Nepal’s ex-king says it all in a few words

October 9th, 2010 - 3:10 pm ICT by IANS  

By Sudeshna Sarkar
Kathmandu, Oct 9 (IANS) As he started his dynasty’s ritual worship of Dashain, Nepal’s biggest Hindu festival, the country’s deposed king Gyanendra Bir Bikram Shah is still smarting under a fierce sense of injustice, two years after parliament formally declared an end to his 240-year-old monarchy.

Royalists, who continue to demand the restoration of monarchy, gave him a royal welcome at Patan - where he visited power goddess Bagalamukhi’s temple and lit 115,000 lamps -
holding a gigantic umbrella over is head, the symbol of royalty, and garlanding him with school children forming part of the welcoming group.

The former king, 63, reached the temple after doubts as to whether the government would allow him since the ruling parties had prevented him from attending a public programme last month.

Though the last king of Nepal has been maintaining a stiff upper lip during his public appearances - that have become increasingly frequent this year - the smile he turns on for the benefit of the cameras and the crowds fails to mask the biting sarcasm and irony that, however, is taken at face value by the Nepali media.

Asked how he now spends his days as a commoner, turned out of the palace of his ancestors, he tells the young woman daring to ask the question, “Just like you”.

But she is persistent. “I think there is a difference,” says Pratima Baskota, a reporter with a Nepali daily. “Don’t you have any sorrows?”

The former king’s mask slips. “I do have my sorrows,” he says, before collecting himself. “Don’t you have any sorrows?” he asks her.

When the young woman says she has none, “then I have none too,” he says.

Though he refuses to answer questions on the farcical 11 rounds of elections that have failed to name a new prime minister with a 12th round to be held Sunday, his anger at the parliament that replaced and upstaged him is palpable.

“They should look at their reflections in the mirror,” he says with biting sarcasm. “I don’t want to say anything.”

He mentions the plummeting security situation in Nepal and the growing suffering of the common man and, without saying a single word against the political parties who abolished his crown, manages to say volumes about their greed, corruption and inefficiency.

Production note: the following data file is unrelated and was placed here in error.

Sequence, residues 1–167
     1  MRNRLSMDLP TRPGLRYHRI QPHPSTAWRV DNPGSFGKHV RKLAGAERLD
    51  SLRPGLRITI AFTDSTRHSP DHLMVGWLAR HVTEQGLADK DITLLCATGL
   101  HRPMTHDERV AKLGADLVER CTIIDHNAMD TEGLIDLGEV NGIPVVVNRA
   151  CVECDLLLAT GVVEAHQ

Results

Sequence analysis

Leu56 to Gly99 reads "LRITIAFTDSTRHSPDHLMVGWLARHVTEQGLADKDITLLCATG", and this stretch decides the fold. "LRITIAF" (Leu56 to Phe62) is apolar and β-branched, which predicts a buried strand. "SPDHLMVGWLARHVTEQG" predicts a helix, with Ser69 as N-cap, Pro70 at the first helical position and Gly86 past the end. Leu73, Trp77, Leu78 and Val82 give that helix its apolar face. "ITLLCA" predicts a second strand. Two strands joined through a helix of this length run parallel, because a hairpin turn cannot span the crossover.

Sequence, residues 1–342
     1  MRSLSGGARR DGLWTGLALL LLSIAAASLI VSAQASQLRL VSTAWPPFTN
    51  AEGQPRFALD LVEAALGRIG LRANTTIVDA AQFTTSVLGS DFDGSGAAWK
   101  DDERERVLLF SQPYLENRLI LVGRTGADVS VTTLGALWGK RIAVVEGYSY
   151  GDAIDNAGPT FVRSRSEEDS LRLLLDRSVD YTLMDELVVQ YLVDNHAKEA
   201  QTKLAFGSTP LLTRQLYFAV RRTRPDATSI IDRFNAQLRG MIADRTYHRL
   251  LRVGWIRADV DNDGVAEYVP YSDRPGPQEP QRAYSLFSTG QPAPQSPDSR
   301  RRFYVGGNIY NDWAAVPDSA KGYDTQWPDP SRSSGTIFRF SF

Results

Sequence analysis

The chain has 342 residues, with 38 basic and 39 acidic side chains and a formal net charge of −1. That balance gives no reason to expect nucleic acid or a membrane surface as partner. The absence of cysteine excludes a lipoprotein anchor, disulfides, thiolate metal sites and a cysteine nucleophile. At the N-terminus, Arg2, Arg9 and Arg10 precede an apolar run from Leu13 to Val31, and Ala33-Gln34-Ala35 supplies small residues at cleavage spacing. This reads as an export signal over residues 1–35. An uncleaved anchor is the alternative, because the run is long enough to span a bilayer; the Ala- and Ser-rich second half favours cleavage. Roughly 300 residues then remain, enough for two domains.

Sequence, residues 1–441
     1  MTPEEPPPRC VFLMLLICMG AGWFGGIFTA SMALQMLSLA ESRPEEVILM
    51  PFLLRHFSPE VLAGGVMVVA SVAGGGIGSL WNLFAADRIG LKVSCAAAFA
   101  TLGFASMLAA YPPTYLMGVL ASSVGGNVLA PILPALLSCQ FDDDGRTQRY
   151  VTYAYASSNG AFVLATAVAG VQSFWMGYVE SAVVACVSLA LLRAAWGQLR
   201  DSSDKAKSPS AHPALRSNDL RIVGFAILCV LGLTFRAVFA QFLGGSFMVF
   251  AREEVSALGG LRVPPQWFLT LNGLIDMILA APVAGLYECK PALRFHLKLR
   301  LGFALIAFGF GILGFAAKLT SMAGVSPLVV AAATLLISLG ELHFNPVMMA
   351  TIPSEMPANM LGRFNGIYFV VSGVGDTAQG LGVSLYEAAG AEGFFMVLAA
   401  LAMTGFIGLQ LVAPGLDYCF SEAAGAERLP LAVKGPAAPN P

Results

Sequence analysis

Another major reason the anger is building up is the pact he is said to have had made with the political parties who soon afterwards went back on their words.

After his army-backed bloodless coup in 2005 failed within a year, the king stepped down in 2006 after the protesting parties, including the Maoists who were seeking the abolition of monarchy, reached a compromise with him.

He was reportedly told to hand over power, in return for which he or his descendants would be allowed to remain Nepal’s constitutional king with no real powers.

The hinted-at pact was mentioned openly in public by the home minister during the royal government, Kamal Thapa, whose Rastriya Prajatantra Party is the only party that fought the 2008 elections in open support of monarchy.

Since the abolition of monarchy, though Nepal’s political parties have gone back to their power-seeking way, the ousted king however has been a gentleman in adversity, maintaining stoic silence on the betrayed agreement despite tribulations.

At times, the provocations must have been severe. Last month the government humiliated him by virtually placing him under house arrest for a day and stopping him from attending a public programme in the capital.

The former king holds the media partially responsible for the fall of his government.

On Friday, when he inaugurated a charitable trust under the chairmanship of his daughter-in-law, the former crown princess Himani, and having his daughter Prerana as well as three nieces on the board, the organisers addressed him as “His Majesty”.

When this was questioned by a section of Nepali journalists, the former king was visibly indignant.

“That is an issue to be taken up with organisers,” he said. “It is not my business to look into that. I am happy to be called Gyanendra Shah.”

(Sudeshna Sarkar can be contacted at sudeshna.s@ians.in)

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